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November 30, 2008 / Bo Mackison

Apache Plume

APache Plume on the High Desert

Apache Plume on the High Desert

The Apache Plume is a true desert plant, found in all four southwestern United States’ desert regions – Sonoran, Chihuahuan, Mojave, and Great Basin. Though it has white, five petaled flowers (very much like the wild rose I see throughout the Midwest) the true fascination I have with this plant comes from its thick, wild, silky seed heads – pink fluffy plumes that look very frazzled and blow in even the slightest of winds.

Talk about always having a bad hair day!!!

These plants, little shrubs actually, were in bloom all over the high desert when we were traveling in early October. I admired them while hiking near Wupatki National Monument, about 40 miles north of Flagstaff, Arizona. This desert stuff – there is much to admire!

5 Comments

  1. suehenryphotography / Dec 1 2008 7:01 pm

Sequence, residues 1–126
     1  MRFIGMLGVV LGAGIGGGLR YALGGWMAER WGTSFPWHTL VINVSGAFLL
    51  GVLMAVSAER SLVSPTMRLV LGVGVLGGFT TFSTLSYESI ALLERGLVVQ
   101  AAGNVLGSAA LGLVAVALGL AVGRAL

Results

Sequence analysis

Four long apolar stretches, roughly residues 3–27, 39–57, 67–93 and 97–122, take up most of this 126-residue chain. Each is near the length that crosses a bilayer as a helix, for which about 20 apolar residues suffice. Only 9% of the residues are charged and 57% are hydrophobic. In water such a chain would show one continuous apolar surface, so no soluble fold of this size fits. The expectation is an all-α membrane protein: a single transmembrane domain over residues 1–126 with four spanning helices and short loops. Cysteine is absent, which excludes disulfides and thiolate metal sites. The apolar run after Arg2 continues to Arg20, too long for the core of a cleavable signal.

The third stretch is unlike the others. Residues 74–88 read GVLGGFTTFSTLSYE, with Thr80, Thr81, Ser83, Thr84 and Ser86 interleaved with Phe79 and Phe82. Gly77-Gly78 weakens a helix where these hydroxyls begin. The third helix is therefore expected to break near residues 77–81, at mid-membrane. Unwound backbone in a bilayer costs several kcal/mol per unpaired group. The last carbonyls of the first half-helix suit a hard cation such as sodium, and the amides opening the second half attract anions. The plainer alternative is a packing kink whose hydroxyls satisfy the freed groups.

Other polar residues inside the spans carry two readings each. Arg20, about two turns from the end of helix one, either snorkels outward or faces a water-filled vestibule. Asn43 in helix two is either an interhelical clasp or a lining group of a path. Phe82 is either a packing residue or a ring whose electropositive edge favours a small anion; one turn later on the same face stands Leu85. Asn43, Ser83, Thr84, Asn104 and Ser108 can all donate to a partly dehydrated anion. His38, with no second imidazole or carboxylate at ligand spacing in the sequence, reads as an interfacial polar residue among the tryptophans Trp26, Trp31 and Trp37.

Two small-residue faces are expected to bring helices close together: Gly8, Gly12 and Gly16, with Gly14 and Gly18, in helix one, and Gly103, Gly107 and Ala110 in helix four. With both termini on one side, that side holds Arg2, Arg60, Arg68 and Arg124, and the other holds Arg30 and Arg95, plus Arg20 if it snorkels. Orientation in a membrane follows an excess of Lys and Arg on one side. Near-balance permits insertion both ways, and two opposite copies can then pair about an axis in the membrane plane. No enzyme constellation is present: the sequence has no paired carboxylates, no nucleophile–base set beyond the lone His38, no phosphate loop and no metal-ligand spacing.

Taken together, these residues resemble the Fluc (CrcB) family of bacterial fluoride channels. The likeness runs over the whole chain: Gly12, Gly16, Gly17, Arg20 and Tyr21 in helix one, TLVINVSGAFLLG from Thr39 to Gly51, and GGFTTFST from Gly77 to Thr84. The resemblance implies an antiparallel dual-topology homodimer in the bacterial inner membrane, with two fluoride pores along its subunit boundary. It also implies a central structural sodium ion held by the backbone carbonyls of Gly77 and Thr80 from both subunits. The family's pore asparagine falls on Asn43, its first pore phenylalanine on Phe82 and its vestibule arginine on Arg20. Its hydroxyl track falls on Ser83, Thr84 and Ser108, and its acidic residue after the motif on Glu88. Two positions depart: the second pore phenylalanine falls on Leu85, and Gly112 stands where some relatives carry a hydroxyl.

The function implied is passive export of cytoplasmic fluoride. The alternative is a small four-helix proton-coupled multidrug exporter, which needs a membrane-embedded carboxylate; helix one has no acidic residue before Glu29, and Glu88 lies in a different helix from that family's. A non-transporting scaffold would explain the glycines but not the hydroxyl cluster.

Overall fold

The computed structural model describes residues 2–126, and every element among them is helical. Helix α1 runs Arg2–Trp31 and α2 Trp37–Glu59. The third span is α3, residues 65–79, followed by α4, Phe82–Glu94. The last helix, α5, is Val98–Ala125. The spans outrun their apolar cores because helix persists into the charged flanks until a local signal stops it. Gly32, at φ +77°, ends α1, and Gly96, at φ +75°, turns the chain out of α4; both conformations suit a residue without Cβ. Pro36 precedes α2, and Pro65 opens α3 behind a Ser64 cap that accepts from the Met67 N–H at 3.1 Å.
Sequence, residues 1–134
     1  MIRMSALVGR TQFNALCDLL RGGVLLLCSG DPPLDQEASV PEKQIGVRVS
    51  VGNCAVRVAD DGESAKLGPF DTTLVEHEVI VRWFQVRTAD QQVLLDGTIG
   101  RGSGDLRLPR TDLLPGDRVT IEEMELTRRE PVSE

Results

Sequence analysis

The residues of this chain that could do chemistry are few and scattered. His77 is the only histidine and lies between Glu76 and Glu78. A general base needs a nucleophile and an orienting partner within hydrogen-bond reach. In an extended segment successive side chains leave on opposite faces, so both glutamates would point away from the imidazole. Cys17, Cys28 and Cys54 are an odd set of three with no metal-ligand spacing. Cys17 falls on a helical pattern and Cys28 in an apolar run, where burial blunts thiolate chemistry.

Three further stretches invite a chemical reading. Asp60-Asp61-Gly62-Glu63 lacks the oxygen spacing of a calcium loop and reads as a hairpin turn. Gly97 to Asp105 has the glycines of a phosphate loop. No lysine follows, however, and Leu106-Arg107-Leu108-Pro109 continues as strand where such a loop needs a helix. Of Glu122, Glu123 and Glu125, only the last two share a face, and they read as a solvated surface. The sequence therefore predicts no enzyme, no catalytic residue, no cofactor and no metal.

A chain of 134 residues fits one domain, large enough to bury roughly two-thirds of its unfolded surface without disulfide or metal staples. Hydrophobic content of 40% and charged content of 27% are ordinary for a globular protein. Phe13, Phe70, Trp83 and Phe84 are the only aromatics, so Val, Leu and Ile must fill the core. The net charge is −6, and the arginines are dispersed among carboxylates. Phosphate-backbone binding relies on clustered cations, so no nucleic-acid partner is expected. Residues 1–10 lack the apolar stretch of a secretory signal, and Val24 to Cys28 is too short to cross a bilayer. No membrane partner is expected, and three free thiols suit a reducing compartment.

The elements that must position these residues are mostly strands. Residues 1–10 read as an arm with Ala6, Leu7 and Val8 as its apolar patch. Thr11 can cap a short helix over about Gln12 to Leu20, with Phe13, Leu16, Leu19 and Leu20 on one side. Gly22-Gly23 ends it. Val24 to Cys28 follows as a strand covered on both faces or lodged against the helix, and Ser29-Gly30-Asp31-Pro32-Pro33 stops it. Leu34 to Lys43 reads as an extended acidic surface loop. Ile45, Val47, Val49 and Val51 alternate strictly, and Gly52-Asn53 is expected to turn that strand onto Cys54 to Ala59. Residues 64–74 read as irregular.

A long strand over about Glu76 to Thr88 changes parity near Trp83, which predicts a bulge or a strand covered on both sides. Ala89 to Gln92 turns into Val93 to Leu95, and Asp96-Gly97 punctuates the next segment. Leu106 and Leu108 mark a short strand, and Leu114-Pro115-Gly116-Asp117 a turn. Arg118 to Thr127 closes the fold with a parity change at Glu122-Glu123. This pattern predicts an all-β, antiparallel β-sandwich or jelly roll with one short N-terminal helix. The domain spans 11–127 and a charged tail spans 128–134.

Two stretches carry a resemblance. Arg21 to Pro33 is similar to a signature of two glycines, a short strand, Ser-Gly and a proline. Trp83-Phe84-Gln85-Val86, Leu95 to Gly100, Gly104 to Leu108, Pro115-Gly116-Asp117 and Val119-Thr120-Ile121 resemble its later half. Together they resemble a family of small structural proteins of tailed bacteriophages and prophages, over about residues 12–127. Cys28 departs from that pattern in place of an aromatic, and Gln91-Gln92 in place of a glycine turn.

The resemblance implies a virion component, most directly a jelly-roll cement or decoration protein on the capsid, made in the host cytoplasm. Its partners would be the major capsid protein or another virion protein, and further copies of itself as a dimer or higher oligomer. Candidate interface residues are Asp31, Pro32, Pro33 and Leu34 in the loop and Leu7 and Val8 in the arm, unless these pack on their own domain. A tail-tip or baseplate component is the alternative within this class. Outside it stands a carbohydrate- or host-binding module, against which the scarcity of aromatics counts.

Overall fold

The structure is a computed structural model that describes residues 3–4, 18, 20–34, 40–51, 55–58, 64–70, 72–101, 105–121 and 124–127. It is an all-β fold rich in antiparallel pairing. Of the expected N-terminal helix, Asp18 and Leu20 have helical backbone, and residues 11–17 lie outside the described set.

Bad hair day. Perfect description!

  2. Anna Surface / Dec 2 2008 7:32 am

    Neat, glowy and pink strands in its frazzled way. 🙂

  3. Gandalf / Dec 2 2008 10:04 am

    This reminds me of rice noodles. (It must be getting close to lunch time.) I love the shot.

  4. Amelia / Dec 2 2008 9:40 pm

    That is sure a wild wildflower!!!

  5. Robin / Dec 4 2008 1:20 pm

    I have to agree with you about desert stuff. I hope to get out to some desert somewhere in the next year.

    I think the Apache Plume has better hair than I do. 😉

    Very cool shot, Bo. I like the way the strands almost look electric.

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